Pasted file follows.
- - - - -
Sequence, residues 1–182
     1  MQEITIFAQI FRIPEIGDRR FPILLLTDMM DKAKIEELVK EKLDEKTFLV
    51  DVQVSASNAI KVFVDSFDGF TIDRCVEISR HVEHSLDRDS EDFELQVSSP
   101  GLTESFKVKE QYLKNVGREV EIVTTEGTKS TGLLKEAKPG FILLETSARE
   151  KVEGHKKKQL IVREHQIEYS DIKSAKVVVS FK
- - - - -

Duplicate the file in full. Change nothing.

Sequence, residues 1–182
     1  MQEITIFAQI FRIPEIGDRR FPILLLTDMM DKAKIEELVK EKLDEKTFLV
    51  DVQVSASNAI KVFVDSFDGF TIDRCVEISR HVEHSLDRDS EDFELQVSSP
   101  GLTESFKVKE QYLKNVGREV EIVTTEGTKS TGLLKEAKPG FILLETSARE
   151  KVEGHKKKQL IVREHQIEYS DIKSAKVVVS FK